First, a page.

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Brooks Wilson's Economics Blog: Riddle Me This

Sunday, October 4, 2009

Riddle Me This

What is worse than Congress voting on bills that they have not read?

Proposing bills that cannot be understood if read.

Nicholas Ballasy of CNSNews reports in "Finance Committee Democrat Won’t Read Text of Health Bill, Says Anyone Who Claims They’ll Understand It ‘Is Trying to Pull the Wool Over Our Eyes’," that
Sen. Thomas Carper (Del.), a member of the Senate Finance Committee, told that he does not “expect” to read the actual legislative language of the committee’s health care bill because it is “confusing” and that anyone who claims they are going to read it and understand it is fooling people.

“I don’t expect to actually read the legislative language because reading the legislative language is among the more confusing things I’ve ever read in my life,” Carper told Carper described the type of language the actual text of the bill would finally be drafted in as "arcane," "confusing," "hard stuff to understand," and "incomprehensible." He likened it to the "gibberish" used in credit card disclosure forms.
How is Senator Carper, and if he is correct, and member of the Senate able to determine how he or she will vote if they cannot understand the language?  As an aside, don't members of Congress frequently complain about and periodically pass laws to limit arcane gibberish used in credit card disclosure forms?  Who is interpreting the bill for those who have not read it?  The article actually provides an answer to the first question.
Senator Jeff Bingaman (N.M.), who sits on the committee, told on Thursday that the panel was just following its standard practice in working with a “plain language description” of the bill rather than an actual legislative text.

“It’s not just conceptual, it’s a plain language description of the various provisions of the bill is what the Senate Finance Committee has always done when it passes legislation and that is turned into legislative language which is what is presented to the full Senate for consideration,” said Bingaman.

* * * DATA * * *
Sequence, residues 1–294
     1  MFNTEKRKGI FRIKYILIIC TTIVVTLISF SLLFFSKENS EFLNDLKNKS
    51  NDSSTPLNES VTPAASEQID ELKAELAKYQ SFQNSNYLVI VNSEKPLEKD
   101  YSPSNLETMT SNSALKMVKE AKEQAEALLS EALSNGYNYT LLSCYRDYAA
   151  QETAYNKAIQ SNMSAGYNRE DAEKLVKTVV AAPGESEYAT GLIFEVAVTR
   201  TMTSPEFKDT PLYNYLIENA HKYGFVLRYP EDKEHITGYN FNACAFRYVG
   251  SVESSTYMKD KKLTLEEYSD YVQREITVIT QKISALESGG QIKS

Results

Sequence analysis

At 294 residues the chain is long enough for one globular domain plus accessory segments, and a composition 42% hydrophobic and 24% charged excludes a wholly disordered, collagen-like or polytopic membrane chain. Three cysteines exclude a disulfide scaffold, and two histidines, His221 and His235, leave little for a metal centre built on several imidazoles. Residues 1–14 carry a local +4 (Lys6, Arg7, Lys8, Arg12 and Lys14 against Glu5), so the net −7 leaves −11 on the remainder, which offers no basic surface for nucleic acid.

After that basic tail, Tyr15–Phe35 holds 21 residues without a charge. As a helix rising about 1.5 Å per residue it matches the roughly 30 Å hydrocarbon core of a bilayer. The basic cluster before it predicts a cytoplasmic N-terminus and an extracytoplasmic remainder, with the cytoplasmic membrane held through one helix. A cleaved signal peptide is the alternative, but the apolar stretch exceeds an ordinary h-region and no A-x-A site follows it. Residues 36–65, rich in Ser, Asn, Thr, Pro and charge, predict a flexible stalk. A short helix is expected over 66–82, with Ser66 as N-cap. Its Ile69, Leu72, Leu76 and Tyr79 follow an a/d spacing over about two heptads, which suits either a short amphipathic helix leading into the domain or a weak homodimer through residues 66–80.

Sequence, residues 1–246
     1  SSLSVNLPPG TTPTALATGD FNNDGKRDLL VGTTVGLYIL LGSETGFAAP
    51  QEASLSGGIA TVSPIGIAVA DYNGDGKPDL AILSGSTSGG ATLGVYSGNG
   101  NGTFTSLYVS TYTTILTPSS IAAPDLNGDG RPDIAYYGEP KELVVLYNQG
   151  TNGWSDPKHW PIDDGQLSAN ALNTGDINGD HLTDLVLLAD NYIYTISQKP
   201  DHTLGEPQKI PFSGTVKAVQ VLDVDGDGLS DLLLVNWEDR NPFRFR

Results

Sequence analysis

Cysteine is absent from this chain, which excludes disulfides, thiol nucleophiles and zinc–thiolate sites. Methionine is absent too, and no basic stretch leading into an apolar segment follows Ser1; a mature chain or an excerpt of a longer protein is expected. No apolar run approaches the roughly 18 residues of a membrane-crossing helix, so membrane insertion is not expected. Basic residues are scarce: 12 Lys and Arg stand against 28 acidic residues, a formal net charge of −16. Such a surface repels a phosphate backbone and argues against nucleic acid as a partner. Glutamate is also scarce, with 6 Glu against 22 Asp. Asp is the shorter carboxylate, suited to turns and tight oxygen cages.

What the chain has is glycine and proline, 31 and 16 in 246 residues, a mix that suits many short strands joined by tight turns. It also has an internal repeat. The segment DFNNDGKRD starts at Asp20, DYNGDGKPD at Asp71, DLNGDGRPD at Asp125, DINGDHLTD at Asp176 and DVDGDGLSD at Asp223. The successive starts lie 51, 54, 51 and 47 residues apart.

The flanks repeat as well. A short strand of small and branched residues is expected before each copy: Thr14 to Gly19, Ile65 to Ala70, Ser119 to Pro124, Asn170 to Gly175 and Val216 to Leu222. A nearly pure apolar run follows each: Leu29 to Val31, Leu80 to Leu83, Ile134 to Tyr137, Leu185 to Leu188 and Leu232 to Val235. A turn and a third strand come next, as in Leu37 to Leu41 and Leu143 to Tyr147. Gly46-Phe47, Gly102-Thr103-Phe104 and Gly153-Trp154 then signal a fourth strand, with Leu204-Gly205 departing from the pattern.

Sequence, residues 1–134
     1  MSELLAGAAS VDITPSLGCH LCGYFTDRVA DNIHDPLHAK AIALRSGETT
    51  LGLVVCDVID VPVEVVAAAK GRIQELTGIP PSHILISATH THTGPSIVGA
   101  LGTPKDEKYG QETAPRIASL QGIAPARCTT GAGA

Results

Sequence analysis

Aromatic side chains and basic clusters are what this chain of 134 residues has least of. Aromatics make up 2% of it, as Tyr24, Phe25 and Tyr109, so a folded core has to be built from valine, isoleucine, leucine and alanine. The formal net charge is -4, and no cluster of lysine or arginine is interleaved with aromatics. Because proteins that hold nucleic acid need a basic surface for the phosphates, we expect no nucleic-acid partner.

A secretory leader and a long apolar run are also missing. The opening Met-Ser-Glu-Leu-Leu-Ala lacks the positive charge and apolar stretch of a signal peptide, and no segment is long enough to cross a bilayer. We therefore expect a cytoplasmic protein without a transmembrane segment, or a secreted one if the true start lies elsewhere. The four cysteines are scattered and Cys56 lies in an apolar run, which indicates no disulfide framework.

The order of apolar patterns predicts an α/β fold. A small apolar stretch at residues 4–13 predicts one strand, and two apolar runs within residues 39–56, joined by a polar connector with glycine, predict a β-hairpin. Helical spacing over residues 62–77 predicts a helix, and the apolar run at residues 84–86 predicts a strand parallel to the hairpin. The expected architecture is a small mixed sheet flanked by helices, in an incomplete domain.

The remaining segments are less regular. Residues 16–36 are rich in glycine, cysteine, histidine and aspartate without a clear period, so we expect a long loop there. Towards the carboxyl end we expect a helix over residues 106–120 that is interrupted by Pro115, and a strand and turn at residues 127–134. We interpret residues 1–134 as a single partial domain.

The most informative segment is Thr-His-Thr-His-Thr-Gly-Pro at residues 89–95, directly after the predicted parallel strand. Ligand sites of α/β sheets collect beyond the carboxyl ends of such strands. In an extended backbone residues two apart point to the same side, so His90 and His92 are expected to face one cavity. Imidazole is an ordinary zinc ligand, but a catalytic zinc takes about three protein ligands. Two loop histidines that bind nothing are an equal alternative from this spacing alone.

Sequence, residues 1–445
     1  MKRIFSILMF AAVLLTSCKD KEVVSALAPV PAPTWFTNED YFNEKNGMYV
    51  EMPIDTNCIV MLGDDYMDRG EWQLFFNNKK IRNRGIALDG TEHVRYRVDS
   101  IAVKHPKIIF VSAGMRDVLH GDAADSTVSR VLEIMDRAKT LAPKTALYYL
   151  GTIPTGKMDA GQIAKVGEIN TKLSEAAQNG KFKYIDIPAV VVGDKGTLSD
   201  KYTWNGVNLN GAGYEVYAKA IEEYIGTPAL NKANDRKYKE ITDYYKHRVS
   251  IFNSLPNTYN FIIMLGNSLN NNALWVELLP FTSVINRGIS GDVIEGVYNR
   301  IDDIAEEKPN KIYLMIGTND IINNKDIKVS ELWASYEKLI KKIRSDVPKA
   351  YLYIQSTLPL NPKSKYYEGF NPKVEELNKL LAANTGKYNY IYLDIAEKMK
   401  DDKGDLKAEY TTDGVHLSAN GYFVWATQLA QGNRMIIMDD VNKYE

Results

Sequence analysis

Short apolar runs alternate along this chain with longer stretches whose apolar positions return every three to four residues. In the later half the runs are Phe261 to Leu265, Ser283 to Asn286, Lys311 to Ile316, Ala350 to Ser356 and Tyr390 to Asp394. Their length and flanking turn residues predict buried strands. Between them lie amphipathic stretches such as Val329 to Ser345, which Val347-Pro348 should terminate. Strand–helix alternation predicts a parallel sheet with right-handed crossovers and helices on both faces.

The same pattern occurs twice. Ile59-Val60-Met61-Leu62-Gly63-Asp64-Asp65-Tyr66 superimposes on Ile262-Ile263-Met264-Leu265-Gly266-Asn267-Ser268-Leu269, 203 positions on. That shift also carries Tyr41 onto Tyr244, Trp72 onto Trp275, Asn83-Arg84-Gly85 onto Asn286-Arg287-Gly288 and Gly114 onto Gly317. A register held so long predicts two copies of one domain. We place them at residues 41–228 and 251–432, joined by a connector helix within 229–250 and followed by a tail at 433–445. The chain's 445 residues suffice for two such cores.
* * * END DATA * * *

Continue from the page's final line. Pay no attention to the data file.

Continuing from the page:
Some Senators believe that they should have access to the actual legislation.
...Sen. John Cornyn (Texas), who also serves on the committee, said the descriptive language the committee is working with is not good enough because things can get slipped into the legislation unseen.

“The conceptual language is not good enough,” said Cornyn. “We’ve seen that there are side deals that have been cut, for example, with some special interest groups like the hospital association to hold them harmless from certain cuts that would impact how the CBO scores the bill or determines cost. So we need to know not only the conceptual language, we need to know the detailed legislative language, and we need to know what kind of secret deals have been cut on the side which would have an impact on how much this bill is going to cost and how it will affect health care in America.”

When will the bill be made available so that I can read it?  Well, at least there is an answer to the last question too.
Last week, the Finance Committee considered an amendment offered by Sen. Jim Bunning (R-Ky.) that would have required the committee to post the full actual language of the proposed legislation online for at least 72 hours before holding a final committee vote on it. The committee defeated the amendment 13-10.


  1. I agree completely with Sen. John Cornyn when he states that.. "[The interpretation of the proposal they are] working with is not good enough because things can get slipped into the legislation unseen." When reading a long, repetitive, and/or confusing document, one can become "numbed" to what he or she is reading and overlook major points. It's easy to slip something through the cracks when it is immersed in useless, or repetitive information. I also agree that Senators should be allowed to review the actual legislation. The more they understand the issues, the better off we will be as a people. We will benefit in the long run if our Senate has a complete and sound understanding of the bills presented to them to vote on.

  2. catherine hall4/10/09 7:08 PM

    I agree. When reading something with words you dont understand or even just to long and repetitive it can get very boring and you zone out and dont remember what you currently read. Its as if reading in a second language. You understand some of it but if you miss key words you wont get the correct idea or meaning of the topic

  3. laci lynn said...

    I agree with both Carper and Cornyn. Carper says "the actual bill is confusing" I agree it is hard to read and understand a series of long text that have "confusing" things in them but, I also agree with Cornyn. Cornyn says that "the
    descriptive language the committee is working with is not good enough because things can get slipped into the legislation unseen."